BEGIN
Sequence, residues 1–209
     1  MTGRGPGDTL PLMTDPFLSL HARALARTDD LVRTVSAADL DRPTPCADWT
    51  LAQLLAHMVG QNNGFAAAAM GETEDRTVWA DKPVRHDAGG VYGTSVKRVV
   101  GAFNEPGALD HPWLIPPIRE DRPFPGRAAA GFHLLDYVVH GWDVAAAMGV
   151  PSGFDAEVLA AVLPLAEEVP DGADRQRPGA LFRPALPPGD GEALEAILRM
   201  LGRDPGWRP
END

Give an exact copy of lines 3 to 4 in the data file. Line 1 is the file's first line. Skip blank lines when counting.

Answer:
    51  LAQLLAHMVG QNNGFAAAAM GETEDRTVWA DKPVRHDAGG VYGTSVKRVV
   101  GAFNEPGALD HPWLIPPIRE DRPFPGRAAA GFHLLDYVVH GWDVAAAMGV